Different speakers sometimes convey similar meanings differently. This study examined whether listeners could learn to associate a specific linguistic 'style' with a certain speaker, with no apparent difference in meaning, and the role of unnatural linguistic choices (or unexpectedness) in such learning. We created an inter-speaker variation in 'style' using the weak adjective ordering preferences in Hebrew. Participants were exposed to two different speakers, each producing a different adjective order, consistently. We manipulated the combinations of order pairings, based on their naturalness (with two natural orders, a natural and an unnatural order, and two unnatural orders), and examined participants' ability to associate a unique order with a specific speaker. In two experiments, using different statistical analyses, we show that listeners can learn speaker-specific language use when it is irrelevant for meaning inferences, when deviance from natural or expected language use is involved. We further discuss whether learning may be facilitated by differences in naturalness or structural form. Our findings suggest that listeners are sensitive to inter-speaker variability in 'style', mostly when this 'style' is unexpected. This is in line with the predictions of Surprisal theory, and may suggest that surprisal plays a major role in learning speaker-specific language use.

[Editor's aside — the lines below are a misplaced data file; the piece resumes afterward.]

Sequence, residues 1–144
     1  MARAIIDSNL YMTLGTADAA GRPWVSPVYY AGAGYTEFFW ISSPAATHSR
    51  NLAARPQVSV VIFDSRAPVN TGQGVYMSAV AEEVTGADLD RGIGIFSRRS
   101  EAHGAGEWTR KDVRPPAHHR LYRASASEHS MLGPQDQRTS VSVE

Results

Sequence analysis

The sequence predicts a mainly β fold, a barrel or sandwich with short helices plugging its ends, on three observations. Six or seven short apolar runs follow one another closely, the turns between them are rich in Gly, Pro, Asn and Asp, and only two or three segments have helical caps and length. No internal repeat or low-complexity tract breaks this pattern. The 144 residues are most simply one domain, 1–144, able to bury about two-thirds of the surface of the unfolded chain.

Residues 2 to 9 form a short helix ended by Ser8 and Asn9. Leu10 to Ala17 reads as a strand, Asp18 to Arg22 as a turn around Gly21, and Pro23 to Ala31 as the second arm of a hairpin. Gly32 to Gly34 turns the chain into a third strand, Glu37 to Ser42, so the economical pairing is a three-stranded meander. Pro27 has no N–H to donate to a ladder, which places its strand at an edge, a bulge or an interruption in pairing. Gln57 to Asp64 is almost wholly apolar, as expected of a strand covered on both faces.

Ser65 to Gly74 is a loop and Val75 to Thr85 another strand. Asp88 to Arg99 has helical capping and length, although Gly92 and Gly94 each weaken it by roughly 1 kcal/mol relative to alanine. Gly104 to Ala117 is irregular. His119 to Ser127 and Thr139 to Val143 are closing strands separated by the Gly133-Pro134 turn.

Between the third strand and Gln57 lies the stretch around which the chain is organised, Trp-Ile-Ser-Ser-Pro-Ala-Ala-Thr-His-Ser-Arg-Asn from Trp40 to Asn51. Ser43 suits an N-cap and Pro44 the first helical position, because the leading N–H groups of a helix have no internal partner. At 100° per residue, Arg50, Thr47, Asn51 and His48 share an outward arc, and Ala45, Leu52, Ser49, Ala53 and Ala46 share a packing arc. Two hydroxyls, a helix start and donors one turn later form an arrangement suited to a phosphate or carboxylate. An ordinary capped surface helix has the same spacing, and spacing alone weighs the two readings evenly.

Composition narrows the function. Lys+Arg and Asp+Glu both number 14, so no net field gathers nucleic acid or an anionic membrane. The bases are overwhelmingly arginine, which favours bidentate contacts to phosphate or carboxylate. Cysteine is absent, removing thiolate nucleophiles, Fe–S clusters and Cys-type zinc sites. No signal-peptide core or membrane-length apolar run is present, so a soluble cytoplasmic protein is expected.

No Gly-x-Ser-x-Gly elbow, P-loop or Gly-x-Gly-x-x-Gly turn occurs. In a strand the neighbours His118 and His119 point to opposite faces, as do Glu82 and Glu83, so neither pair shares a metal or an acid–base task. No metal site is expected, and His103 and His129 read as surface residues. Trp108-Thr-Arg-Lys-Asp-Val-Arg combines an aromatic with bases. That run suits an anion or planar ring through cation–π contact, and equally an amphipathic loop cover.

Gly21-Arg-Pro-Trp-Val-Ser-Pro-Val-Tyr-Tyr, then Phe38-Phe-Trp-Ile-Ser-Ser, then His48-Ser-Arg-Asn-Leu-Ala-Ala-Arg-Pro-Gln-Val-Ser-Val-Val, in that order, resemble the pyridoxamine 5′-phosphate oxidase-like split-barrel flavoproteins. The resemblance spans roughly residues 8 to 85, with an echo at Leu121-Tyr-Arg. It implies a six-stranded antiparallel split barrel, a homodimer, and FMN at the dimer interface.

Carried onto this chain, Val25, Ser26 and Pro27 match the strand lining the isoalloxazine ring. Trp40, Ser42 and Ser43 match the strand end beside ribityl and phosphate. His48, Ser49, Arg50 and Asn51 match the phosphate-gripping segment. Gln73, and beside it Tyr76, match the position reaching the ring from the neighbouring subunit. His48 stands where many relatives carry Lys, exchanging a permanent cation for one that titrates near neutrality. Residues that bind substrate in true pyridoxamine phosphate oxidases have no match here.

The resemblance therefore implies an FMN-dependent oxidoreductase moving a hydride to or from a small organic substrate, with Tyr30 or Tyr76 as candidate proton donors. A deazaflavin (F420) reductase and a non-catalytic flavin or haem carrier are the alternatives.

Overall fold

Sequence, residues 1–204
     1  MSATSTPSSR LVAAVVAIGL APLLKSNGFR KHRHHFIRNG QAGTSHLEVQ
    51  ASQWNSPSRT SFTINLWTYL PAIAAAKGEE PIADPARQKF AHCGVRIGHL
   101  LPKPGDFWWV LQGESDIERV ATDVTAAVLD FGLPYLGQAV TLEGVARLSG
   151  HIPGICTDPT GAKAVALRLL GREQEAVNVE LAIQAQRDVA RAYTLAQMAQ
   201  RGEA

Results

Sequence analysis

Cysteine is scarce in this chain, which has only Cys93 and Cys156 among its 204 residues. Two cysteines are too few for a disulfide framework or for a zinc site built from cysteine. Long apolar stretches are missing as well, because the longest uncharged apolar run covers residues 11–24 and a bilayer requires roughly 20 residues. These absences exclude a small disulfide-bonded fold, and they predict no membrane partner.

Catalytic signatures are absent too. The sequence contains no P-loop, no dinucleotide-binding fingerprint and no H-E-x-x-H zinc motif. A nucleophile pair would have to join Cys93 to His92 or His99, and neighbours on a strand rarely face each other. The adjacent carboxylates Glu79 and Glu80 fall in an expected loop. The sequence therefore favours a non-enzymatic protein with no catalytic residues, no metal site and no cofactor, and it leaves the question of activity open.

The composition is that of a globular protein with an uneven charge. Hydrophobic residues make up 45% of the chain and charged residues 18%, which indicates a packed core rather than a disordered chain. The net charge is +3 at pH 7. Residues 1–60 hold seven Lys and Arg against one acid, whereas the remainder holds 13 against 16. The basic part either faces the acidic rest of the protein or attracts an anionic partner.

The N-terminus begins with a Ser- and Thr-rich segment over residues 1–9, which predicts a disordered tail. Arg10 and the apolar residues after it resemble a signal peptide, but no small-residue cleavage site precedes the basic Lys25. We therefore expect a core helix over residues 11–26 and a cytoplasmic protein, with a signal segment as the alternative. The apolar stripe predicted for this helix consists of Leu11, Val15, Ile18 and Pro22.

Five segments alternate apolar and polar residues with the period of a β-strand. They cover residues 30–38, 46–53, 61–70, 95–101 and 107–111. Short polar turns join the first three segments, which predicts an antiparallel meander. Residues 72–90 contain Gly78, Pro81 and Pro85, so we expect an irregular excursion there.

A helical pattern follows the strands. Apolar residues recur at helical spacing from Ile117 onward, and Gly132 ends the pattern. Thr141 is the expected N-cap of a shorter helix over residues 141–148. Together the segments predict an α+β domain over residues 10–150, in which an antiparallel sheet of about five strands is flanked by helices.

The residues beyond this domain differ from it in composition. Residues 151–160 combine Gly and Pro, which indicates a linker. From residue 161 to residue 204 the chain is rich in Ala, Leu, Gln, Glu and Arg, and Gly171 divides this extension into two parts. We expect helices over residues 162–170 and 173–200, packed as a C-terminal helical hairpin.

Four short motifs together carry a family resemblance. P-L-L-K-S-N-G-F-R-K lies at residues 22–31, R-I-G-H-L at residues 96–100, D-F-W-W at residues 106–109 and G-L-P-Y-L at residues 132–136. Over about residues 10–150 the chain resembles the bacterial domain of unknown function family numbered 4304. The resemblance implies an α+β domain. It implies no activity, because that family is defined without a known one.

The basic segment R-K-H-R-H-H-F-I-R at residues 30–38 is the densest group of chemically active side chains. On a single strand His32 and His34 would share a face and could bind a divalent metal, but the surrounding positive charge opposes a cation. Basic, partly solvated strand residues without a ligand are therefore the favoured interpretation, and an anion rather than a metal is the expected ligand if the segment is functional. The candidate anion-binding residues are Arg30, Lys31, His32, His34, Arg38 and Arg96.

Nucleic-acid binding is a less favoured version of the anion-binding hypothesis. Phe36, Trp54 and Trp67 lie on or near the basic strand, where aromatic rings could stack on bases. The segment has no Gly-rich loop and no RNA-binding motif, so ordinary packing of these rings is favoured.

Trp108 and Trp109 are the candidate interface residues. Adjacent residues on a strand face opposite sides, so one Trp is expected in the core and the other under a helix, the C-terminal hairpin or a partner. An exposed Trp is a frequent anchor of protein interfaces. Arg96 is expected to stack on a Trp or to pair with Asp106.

- communication efficiency